WHAT I’M READING
• The Library Book – Susan Orlean
• Alexander Hamilton – Ron Chernow
• Just Mercy • Bryan Stevenson
• Talking to Strangers • Malcolm Gladwell
• The Great Believers • Rebecca Makkai
• Armada – Ernest Cline
• Gulp – Mary Roach
• Sapiens – Yuval Noah Harari
• The Subtle Art of Not Giving a F*ck – Mark Manson
• The Outsider – Stephen King
• Media Politics: A Citizen’s Guide – Shanto Iyengar
• Atomic Habits – James Clear
• The Tattooist of Auschwitz – Heather Morris
• Believe Me – JP Delaney
• Thinking Fast and Slow – Daniel Kahneman
• Buddhism for Beginners – Jack Kornfield
It seems like I'm on a bit of a roll. And yes, that is a bit of a 20-sided dice joke. Anyhow, this is the fourth piece I've had published in the last two months. The latest is about the closure of a comic book shop in Coral Springs that hosted Dungeons & Dragons games. A lot of these shops seem to be closing despite the recent uptick in popularity of D&D.
Many professors -- including myself -- assign an obit assignment to students where they write about the lives of one of their classmates. Though they find the exercise a bit macabre at first, they soon get into it, imagining their lives as famous journalists, activists or artists -- and surrounded by dozens of adoring grandchildren when they die happily at 105.
So, yeah. I already f***ed up. On Friday, I had an epically long day at work and after finally closing things up at about 9 p.m., the absolute last thing I wanted to do is head down to the gym. So I didn't. Oh well. But, fear not, as I worked out Saturday and Sunday, so I'm not too far behind.
In preparation for an upcoming dragon boat race in Orlando, I'm going to commit to a seven-day challenge, using this blog for motivation and accountability. I'll post my progress here, along with my general feelings on the workout du jour, from now until next Thursday.
I imagine it's a bit strange to fly today. Even regular business travelers may get a slight hitch when they look at the date on their boarding pass. I certainly know I would. Though I only lived a single year in New York City -- when I was in grad school -- it was during the year following the 2001 attacks. The anniversary of that terrible day came only a few weeks after I had moved across the country and into my new apartment in Morningside Heights. Being a writer, I did a short reflection on the feelings from that day.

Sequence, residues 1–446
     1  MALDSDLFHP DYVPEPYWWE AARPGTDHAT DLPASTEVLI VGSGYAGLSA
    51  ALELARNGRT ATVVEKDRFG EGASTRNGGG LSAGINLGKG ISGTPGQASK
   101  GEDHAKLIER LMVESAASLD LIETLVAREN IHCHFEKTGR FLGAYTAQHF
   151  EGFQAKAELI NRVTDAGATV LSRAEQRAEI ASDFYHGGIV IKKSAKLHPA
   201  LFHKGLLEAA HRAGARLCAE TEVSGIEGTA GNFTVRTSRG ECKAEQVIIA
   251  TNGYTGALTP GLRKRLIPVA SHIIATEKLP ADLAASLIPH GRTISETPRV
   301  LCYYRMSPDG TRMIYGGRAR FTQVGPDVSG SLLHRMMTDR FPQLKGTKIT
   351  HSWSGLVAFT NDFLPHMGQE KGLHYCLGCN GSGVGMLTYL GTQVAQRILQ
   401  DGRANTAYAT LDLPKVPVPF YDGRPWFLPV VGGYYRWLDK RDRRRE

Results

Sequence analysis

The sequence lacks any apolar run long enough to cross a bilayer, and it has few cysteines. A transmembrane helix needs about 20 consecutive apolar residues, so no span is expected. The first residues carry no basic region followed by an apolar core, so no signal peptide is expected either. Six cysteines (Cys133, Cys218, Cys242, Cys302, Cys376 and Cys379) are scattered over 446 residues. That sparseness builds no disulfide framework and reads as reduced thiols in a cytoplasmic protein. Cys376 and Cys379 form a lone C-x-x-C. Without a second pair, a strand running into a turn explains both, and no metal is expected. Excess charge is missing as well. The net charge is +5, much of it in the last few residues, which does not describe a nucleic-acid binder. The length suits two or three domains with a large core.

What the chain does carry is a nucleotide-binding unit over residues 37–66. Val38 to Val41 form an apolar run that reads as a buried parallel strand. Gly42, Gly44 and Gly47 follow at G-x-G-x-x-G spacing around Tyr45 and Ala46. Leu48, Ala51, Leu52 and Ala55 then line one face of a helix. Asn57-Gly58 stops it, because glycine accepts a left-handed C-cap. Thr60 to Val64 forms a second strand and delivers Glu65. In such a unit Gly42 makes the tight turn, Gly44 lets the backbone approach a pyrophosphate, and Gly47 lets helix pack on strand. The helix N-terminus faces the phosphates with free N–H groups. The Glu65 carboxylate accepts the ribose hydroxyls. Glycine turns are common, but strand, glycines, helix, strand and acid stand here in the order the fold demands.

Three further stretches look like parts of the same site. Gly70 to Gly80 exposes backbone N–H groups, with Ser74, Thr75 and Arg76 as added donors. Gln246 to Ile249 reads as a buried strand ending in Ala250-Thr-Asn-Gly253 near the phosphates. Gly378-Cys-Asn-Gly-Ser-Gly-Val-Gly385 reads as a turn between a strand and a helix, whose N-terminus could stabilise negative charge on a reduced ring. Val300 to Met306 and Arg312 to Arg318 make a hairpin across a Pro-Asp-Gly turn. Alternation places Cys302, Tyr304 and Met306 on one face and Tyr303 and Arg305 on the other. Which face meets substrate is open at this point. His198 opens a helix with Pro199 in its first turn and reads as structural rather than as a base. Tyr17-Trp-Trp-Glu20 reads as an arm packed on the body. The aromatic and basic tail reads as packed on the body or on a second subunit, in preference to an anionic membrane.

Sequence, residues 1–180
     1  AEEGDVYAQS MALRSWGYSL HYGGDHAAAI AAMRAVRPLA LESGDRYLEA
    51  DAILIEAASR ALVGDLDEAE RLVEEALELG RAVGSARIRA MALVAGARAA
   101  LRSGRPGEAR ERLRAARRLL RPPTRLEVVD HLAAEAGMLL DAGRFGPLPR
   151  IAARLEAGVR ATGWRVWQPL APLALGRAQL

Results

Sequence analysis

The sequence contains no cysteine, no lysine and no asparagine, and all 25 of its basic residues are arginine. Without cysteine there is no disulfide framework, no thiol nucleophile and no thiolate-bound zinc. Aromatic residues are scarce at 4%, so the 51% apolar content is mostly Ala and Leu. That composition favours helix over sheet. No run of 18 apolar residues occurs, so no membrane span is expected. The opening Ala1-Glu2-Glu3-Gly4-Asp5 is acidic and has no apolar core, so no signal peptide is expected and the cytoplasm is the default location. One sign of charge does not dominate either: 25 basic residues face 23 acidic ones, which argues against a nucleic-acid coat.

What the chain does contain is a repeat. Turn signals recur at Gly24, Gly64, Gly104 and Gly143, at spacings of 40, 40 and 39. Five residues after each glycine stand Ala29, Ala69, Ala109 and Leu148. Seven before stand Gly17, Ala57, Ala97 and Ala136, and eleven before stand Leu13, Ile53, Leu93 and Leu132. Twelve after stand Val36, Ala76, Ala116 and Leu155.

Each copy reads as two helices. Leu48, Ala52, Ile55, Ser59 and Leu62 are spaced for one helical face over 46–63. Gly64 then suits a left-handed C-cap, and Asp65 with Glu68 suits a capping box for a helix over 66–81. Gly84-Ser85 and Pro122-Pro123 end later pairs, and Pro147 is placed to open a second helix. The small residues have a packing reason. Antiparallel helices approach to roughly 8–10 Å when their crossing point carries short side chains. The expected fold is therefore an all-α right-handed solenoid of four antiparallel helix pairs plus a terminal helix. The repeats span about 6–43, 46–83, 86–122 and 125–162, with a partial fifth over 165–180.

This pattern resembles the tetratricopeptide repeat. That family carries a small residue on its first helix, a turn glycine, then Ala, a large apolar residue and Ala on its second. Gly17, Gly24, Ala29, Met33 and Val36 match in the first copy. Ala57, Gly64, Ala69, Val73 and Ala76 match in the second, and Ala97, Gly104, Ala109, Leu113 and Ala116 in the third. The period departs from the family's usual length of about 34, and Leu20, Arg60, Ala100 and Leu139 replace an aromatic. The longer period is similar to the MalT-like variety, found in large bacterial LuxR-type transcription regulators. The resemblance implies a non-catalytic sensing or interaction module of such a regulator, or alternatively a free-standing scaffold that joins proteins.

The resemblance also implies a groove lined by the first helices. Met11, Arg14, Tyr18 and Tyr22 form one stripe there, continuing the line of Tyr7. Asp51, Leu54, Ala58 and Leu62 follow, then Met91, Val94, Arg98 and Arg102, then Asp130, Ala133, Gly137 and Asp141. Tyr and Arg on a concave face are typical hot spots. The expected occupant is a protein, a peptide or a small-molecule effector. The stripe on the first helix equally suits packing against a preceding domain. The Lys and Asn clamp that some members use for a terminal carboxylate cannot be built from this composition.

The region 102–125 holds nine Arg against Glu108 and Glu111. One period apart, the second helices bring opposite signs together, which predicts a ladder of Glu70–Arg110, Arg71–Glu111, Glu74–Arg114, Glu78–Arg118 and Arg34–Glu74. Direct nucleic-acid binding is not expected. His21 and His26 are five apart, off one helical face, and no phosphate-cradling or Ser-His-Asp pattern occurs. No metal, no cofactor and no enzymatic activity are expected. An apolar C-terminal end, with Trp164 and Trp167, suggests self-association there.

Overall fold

As the new semester starts at FIU, one of the more ballyhooed bits of news was the launching of the free shuttle between the main campus in Sweetwater and the Biscayne Bay Campus in North Miami. Prior to the vote by the university's board of trustees over the summer, students paid $2.50 to make the 25-mile, hour-long (or much longer) trek between the campuses. But it is not "free" as FIU's public relations folks and student government officials keep touting. It's "included."
Math in the Real World No one said
Putting aside how things are going to get better, and how that might be done, one thing is certain: El Paso will endure. Despite my relatively brief time in the area, I was struck by so many Pasenos’ endurance, internal steel and, yes, stubbornness -- traits seemingly required to live and thrive in often unforgiving landscape that is West Texas.
Welcome to the latest edition of Courting Disaster, your guide to the strange, off-beat and occasionally tragic civil filings in Miami-Dade County. This week we have (alleged) tales of woe about pernicious uncles, hangry security guards, foul tax preparers and a secret plot involving the CIA and a Miami Beach library. Let’s dig in!
Broward/Palm Beach New Times
• Coral Springs Comics Shop Calls It Quits Even as D&D Thrives
Miami New Times
• Former FIU Journalism Professor Leaves Lasting Legacy of Empathy
• Dozens of People in Miami-Dade Have No Legal Name or Identity
• Miami Crew Braves Wind, Chill, and Rain to Win La TraverSeine Dragon Boat Race in Paris
• Snowbirds Vote for Klobuchar at Satellite Iowa Caucuses in Southwest Florida